Why are my Snail vine leaves turning brown?
The classic sign that a plant has been overexposed to direct sunlight and sunburned is the development of browning leaves. Rest assured that while this may probably save your plant from dying, it will adversely affect its growth.
Should I leave my Cochliasanthus caracalla in direct sunlight?
No! If your Cochliasanthus caracalla (or Snail vine) has the symptoms described above, don’t leave it in direct sunlight, that’s the reason why your Snail vine is in such a state!
The remedy, as said in the paragraph above, is simple: just move your plant’s Snail vine out of direct sunlight. Your plant should swiftly re-grow with this strategy and appropriate watering.
Why are my Cochliasanthus caracalla leaves drooping or wilting ?
This typically occurs when your Cochliasanthus caracalla gets dehydrated. Large plants are more at risk since they naturally require more water than smaller plants.
An easy way to know if your Cochliasanthus caracalla is lacking water is to under-weigh its pot, if it looks light, it means that the soil and the roots are probably quite dry, and therefore need water!
If the soil in the container is completely dry, you must first moisten it to guarantee that your plant’s roots absorb the benefits of the water. One common mistake is to drown the Snail vine right away after a dry time because you think it needs a lot of water.
This is true, but the easiest way to end it is to give too much water at once. Instead, you should water the soil properly, returning to a peaceful watering rhythm.
Caring Tips for Cochliasanthus caracalla
Water is essential to the survival of your plant, however, it is important to balance the rate of watering. As we explained above, overwatering could have fatal consequences for your Cochliasanthus caracalla.
The best way to know if your plant needs water or not is to touch the soil, if you feel it is still wet, it is probably a good idea to wait a few more days.
Always keep temperatures stable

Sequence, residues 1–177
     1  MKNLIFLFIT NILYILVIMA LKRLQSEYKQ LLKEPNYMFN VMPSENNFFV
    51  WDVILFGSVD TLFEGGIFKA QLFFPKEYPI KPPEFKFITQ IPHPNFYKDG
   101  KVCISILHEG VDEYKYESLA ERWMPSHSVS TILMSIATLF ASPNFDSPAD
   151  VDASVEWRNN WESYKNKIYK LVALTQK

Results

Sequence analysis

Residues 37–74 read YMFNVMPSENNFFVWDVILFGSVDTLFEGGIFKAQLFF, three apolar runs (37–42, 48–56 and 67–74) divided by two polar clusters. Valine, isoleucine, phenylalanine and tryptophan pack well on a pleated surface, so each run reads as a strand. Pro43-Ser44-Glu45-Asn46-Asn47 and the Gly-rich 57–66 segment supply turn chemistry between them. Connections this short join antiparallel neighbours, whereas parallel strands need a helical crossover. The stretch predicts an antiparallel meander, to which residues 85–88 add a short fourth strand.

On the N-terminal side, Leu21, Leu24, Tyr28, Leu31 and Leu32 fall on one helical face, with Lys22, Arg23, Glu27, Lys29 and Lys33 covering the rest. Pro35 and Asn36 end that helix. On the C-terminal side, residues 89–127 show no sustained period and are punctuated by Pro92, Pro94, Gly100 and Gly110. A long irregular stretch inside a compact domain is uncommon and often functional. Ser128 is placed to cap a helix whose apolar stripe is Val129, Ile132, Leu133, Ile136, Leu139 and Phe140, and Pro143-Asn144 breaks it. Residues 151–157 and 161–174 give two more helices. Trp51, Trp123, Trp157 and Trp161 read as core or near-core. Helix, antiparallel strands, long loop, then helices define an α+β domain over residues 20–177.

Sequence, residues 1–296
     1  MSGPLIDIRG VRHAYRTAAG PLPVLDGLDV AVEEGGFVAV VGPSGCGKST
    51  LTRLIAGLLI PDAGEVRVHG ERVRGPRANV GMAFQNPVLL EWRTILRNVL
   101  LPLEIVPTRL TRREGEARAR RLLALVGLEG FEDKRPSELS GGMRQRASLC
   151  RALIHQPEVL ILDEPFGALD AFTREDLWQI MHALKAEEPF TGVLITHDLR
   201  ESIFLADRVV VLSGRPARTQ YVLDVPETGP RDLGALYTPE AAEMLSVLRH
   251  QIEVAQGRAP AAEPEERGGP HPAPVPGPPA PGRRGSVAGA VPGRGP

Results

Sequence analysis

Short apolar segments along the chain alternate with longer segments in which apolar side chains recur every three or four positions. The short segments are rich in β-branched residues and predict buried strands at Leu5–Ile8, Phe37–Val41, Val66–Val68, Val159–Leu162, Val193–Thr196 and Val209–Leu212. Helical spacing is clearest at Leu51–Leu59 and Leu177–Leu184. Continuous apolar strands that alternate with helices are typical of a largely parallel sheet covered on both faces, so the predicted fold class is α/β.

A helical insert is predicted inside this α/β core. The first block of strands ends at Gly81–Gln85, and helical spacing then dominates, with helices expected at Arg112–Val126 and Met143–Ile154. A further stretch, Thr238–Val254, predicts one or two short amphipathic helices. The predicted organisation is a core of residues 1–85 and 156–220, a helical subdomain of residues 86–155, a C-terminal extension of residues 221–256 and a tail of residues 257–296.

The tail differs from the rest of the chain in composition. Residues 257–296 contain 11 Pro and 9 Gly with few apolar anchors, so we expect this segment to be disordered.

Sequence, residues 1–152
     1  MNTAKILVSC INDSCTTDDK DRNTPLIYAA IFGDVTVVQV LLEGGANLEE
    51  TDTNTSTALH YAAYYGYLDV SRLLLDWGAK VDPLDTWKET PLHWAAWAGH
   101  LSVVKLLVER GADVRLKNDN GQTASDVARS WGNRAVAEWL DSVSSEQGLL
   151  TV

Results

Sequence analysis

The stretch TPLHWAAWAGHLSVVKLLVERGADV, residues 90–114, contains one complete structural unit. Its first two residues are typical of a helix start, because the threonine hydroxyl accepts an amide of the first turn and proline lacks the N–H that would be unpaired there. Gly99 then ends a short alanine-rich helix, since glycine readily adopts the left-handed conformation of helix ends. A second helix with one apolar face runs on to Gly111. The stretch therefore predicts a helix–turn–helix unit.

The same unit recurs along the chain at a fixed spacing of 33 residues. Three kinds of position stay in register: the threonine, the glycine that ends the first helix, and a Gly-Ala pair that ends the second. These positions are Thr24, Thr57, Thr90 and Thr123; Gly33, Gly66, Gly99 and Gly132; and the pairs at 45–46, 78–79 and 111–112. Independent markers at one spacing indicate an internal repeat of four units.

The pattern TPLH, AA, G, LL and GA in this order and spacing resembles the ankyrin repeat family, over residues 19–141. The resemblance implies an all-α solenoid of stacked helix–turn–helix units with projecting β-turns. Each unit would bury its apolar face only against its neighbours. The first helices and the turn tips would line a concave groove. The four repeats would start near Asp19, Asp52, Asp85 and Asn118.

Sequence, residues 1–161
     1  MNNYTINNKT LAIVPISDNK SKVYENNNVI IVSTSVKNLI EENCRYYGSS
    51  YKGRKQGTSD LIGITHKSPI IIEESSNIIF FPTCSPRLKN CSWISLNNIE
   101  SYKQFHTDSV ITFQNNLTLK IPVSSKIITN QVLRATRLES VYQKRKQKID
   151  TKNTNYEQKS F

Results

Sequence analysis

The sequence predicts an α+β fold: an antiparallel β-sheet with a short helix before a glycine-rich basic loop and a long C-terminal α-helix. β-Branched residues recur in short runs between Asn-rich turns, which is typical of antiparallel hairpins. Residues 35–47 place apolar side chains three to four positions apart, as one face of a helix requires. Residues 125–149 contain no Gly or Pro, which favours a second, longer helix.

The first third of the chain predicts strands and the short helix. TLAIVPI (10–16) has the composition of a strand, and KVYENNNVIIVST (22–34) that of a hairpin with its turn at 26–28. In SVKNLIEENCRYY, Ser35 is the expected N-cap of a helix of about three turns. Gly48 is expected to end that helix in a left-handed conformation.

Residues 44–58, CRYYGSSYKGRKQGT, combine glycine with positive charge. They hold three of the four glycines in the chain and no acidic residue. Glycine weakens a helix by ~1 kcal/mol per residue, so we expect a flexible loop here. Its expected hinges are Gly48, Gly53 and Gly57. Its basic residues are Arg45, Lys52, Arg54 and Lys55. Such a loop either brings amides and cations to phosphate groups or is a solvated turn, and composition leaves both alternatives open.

It’s also a good idea to keep your Cochliasanthus caracalla at a constant temperature, especially if it’s kept indoors. In general, at GreenShack, we suggest booking a temperature between 65 and 85 degrees F. Of course, keep your Cochliasanthus caracalla away from radiators, air conditioners, and other sources of hot or cold air.
Keep your Snail vine Dust-Free
This one concerns indoor plants, just like on your furniture, dust is also deposited on the leaves of your indoor plants, the problem is that it can prevent them from receiving the necessary light, this would slow down (or even stop) the photosynthesis process, and eventually, they would lose their colors.
This would be a true journey into hell for your Snail vine and would also satisfy the pests.
To remove the dust from the leaves of your plant, take a microfiber cloth and gently rub the leaves. You can wet the cloth to make it easier to remove the dust, but never use corrosive products (such as rubbing alcohol!)
Keep drainage in mind
If you have a tendency to overwater, you should be mindful of your drainage, and if they don’t already have them, we suggest selecting a saucer and a pot with drainage holes.
You can add volcanic rocks (or any other pebbles with holes) to the bottom of your pot in the interim if your pots don’t already have holes in them. This will help to form a channel so that the water doesn’t pool there for too long (preventing the rot of the roots!).